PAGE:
From June 15 to June 30, owners of taxable personal property (e.g., business furnishings, equipment, etc.) may challenge the county assessor's valuation of their property. The value determined by the assessor is based on information submitted on your Personal Property Declaration Schedule. If you failed to file a declaration schedule, the value was determined using the "best information available."
Taxpayers who disagree with their personal property valuations may object by mail or in person on or before June 30. Once an objection has been filed, the assessor will review your account and mail you a Notice of Determination by July 10. A taxpayer's exclusive remedy for a "best information available" (BIA) valuation is the protest procedure.
If you disagree with the assessor's decision, you may file an appeal with the county board of equalization. The appeal must be postmarked or hand-delivered by July 20. The county board will notify you by mail of the hearing date, time and place where you present evidence in support of your case. The county board will conclude hearings and render decisions by the close of business on Aug. 5. The county board must mail a decision within five business days of the date of its decision. If the county board adjusts the value of your property, the tax bill you receive next January will be based on the adjusted value.
If you disagree with the county board's decision, you may file an appeal with the State Board of Assessment Appeals or the district court, or you may request a binding arbitration hearing within 30 days of the county board.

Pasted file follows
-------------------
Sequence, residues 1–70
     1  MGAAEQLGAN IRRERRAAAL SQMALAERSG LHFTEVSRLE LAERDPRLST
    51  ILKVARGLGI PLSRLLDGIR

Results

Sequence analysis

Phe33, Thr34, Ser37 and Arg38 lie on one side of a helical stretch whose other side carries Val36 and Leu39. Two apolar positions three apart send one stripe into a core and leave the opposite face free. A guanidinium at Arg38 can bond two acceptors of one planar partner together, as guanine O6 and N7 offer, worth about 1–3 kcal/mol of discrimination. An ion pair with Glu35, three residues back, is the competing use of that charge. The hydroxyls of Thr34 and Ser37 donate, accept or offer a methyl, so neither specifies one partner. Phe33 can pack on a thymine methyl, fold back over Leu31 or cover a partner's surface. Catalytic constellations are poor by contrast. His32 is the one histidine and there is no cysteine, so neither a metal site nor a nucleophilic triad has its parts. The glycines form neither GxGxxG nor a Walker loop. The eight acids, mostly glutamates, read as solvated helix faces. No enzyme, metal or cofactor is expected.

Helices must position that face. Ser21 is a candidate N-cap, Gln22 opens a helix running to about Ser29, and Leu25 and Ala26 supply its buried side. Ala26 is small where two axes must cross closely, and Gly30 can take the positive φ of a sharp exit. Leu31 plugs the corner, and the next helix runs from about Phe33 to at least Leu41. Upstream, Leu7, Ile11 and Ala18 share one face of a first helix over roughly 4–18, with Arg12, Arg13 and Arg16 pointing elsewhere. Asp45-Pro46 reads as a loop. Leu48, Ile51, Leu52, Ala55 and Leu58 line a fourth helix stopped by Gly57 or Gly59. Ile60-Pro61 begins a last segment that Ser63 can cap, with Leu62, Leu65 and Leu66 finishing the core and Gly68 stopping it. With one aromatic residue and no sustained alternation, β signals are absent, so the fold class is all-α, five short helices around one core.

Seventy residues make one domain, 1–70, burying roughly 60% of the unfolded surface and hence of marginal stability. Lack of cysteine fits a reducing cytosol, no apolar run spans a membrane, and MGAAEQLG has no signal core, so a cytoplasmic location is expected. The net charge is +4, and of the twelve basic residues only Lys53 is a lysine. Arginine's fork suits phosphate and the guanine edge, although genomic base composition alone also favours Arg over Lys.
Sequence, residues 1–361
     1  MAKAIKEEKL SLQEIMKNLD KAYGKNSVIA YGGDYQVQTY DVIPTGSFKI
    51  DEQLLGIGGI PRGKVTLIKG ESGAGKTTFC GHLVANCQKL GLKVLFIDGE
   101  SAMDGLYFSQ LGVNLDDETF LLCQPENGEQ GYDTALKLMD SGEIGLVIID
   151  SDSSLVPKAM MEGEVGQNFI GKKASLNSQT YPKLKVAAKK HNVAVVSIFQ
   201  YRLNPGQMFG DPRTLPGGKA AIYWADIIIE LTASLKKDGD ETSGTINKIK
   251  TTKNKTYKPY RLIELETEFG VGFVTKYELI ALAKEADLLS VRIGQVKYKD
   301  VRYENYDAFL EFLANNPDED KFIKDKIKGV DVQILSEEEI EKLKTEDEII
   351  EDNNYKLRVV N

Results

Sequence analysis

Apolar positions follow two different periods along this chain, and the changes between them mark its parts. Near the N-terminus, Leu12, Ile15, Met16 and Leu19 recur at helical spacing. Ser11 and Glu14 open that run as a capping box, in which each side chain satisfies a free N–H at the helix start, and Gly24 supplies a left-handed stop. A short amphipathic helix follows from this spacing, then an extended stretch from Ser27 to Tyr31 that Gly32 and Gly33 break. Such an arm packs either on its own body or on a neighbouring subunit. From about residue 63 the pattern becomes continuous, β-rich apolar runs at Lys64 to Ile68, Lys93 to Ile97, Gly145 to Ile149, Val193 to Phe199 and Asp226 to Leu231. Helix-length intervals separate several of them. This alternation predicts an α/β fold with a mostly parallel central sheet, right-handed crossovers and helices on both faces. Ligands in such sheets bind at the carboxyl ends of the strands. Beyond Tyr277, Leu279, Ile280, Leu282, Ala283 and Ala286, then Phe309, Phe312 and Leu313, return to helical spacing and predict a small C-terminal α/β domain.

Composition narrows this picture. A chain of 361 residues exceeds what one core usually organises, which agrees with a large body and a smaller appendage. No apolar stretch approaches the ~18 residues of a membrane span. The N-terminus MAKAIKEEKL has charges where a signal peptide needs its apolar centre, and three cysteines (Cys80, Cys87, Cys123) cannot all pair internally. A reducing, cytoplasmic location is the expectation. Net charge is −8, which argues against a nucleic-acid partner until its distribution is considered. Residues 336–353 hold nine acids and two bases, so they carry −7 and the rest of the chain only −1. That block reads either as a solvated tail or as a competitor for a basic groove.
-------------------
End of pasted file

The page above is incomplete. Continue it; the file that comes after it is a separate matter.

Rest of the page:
The election results are in at the local, state and national level, and as expected, Democrats are doing well in state and national races. Colorado has elected Jared Polis as governor; nationally the Republicans appear to retain control of the Senate while Democrats now control the House of Representative.
With a ballot full of local and state measures, voter turnout in Delta County topped 71%, with 15,889 ballots cast. Statewide, voter turnout was just over 52%.
Of the three Delta County residents seeking state offices, Matt Soper won over Thea Chase in State Representative Dist. 54; Mike Mason lost to Julie McCluskie in State Representative Dist. 61; and Olen Lund lost to Kerry Donovan in State Senate Dist. 5.
Locally, in the City of Delta voters rejected a .5% sales tax increase to fund recreation, as well as recreational marijuana sales. The sale of medical marijuana and cultivation/manufacturing facilities was approved by a slim margin. Delta voters also gave the city the green light to move forward with selling or trading the Cottonwood and Riverbend Park, and to sell the old Municipal Light and Power Building.